Respect says: Join the protest outside the ATOS Centre in Manchester
12 Noon, Tuesday 28th August
Albert Bridge House, Bridge St. Manchester M60 9DA
Disabled People Against Cuts (DPAC) have called a week of action against ATOS – lead sponsors of the paralympics. ATOS is the company most responsible for driving through the most brutal cuts devastating the lives of disabled people.
Manchester Coalition Against Cuts are backing DPAC by helping with the Manchester protest, one of a series to be held outside ATOS medical Assessment centres across the country.
Recent media coverage has exposed that the goal of Work Capability Assessments (WCA) conducted by ATOS is to reduce the numbers of people claiming disability benefits. The Government even admits that the tests are “flawed” and the British Medical Association demand that they should “end immediately”.
But for ruthlessly pursuing the Tory plans to throw 500,000 people off disability benefits, ATOS have been rewarded with gold. As well as being handed lucrative sponsorship deals for both the Olympics and even more perversely, the Paralympics, ATOS has recently won £400m worth of public money to carry out assessments for Personal Independence Payments (PIP) that will replace Disability Living Allowance (DLA) next year.
The consequences of ATOS tests are tragic.
People have taken their own lives rather the face the severe hardship and poverty that comes with being passed fit-for-work by ATOS. More than 1,000 people have died of their illnesses shortly after being passed “fit for Work”.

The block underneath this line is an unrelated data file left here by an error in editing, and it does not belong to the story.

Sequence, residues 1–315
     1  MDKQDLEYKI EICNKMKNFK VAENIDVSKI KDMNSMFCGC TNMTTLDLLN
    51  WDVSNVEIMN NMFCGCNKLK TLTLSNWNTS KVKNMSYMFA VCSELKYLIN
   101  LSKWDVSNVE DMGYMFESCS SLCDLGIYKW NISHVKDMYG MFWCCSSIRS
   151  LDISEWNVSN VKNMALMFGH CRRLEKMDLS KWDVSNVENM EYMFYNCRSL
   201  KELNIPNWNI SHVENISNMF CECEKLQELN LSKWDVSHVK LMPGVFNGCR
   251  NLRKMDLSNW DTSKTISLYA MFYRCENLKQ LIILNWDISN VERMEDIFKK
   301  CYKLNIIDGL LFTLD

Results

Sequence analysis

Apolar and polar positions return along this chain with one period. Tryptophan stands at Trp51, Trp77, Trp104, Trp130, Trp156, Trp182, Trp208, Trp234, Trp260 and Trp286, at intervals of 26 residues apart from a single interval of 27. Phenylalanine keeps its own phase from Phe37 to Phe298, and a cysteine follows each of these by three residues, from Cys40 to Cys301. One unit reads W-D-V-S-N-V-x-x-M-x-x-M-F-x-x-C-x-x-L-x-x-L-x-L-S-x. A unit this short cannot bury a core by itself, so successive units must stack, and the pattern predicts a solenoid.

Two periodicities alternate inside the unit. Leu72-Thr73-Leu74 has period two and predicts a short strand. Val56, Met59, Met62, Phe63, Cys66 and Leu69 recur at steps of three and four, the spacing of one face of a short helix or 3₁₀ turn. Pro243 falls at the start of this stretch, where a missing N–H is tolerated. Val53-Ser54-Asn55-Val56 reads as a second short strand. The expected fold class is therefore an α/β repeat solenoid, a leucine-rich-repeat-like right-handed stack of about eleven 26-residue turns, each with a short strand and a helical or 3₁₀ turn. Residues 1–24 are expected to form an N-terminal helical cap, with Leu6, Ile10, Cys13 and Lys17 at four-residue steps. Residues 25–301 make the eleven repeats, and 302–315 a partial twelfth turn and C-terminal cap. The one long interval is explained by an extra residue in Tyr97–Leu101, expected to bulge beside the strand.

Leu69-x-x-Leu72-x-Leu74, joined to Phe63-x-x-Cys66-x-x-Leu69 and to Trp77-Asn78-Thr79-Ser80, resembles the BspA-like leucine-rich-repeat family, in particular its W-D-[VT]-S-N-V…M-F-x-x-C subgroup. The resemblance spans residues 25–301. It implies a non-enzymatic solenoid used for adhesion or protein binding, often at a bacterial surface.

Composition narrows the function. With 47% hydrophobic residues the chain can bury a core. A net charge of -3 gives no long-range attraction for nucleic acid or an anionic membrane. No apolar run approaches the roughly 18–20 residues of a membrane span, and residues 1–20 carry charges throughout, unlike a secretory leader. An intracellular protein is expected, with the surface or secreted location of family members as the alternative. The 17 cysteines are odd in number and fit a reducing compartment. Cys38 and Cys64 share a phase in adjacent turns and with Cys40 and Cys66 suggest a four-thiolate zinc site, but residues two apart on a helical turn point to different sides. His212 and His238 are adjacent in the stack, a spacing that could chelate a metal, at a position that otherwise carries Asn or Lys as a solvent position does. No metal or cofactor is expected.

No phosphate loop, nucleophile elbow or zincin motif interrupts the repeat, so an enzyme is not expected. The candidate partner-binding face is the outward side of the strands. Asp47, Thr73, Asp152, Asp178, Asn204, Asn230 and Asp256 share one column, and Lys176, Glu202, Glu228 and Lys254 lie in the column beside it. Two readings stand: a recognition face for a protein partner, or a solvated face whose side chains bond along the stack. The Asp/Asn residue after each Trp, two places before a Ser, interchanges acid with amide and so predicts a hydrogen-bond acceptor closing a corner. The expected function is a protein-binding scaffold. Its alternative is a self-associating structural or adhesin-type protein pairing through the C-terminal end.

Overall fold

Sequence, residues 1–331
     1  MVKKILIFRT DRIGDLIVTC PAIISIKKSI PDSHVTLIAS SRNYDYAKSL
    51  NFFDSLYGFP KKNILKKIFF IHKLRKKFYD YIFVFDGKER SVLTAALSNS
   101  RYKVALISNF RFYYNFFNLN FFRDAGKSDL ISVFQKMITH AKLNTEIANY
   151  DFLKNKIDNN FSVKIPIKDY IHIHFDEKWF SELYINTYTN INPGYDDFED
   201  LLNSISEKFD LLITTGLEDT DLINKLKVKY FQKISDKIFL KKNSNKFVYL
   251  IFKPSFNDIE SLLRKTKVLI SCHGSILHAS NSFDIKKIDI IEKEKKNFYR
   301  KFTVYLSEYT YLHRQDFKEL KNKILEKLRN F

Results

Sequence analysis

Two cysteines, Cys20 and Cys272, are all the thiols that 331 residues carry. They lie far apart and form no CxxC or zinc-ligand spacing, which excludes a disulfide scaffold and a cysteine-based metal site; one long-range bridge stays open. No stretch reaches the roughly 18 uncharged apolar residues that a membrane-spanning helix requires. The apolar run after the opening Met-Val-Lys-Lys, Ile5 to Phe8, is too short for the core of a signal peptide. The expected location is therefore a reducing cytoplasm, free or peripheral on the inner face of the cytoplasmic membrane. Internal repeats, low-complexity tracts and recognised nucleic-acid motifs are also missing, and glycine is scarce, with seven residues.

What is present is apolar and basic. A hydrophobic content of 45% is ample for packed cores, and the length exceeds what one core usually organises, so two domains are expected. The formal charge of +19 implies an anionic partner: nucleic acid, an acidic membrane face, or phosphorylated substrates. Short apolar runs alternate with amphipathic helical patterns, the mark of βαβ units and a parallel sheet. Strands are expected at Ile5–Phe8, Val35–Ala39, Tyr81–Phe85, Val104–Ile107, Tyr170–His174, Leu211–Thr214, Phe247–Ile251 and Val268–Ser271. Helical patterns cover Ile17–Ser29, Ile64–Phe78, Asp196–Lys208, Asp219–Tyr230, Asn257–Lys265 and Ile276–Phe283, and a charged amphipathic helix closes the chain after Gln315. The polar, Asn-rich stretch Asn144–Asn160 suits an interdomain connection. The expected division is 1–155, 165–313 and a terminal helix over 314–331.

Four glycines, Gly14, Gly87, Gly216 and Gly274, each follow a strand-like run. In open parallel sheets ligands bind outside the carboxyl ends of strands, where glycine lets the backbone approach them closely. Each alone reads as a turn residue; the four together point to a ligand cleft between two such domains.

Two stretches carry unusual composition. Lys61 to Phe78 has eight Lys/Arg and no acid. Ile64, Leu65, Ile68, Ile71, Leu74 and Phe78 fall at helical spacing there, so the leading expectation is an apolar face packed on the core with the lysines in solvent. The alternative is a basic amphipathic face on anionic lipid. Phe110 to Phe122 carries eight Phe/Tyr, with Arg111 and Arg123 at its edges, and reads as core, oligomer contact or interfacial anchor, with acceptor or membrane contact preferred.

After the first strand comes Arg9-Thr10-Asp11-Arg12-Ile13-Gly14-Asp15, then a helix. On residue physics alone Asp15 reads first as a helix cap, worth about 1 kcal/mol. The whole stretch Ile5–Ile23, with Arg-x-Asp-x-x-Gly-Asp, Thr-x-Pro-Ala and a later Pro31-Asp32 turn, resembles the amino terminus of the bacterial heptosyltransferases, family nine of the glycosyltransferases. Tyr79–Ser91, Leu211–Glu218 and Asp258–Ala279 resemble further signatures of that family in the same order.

Respect candidate Kate Hudson, said: “These attacks on disabled people are a complete disgrace and must end immediately. I fully support this week of action against ATOS. The Respect Party opposes these brutal and inhumane cuts and pledges to fight to overturn them. We fight for a society organised to benefit every single one of us, for improvements to everyone’s quality of life, and to end this onslaught that is already having such tragic consequences.”
The DPAC site will be updated regularly with more details about the ATOS Games.
Respect members and supporters out campaigning in Canal Street yesterday. The area is preparing for Pride at the weekend which will be very busy. A good response was received and many people took away leaflets to distribute in their appartment blocks in central Manchester.
Statues of bankers and politicians pepper the town squares in Manchester. But the city does not have a monument or memorial to the Peterloo Massacre of 16 August 1819.
Up to 18 people were killed that day and hundreds more injured when local magistrates ordered cavalry to attack a 60,000 strong political rally that had gathered at St Peter’s Fields to demand the vote.
The Peterloo Memorial Campaign has long called for an appropriate memorial in the city that educates and informs people about what actually happened on that day.
Campaigners have secured a pledge from the city council that a memorial will form part of the redevelopment of St Peter’s Square, which now stands where the massacre took place. And they are arguing for a democratic process to decide on the design of the monument.
After much argument it is now accepted by historians that Peterloo was indeed a massacre. But we should see it as much more.
The rebellion that started there was taken up later by the Chartists, and then the Suffragettes. That struggle – to secure political representation and power for the working class – continues today.
Manchester needs a fitting memorial to Peterloo.
Kate meets with Mary Hazoumi
It was good to meet Moss Side residents this weekend – Saturday 18th August. A team of more than twenty Respect supporters took our message out on the streets. Here Kate meets Kowsar Ahmed and her daughter.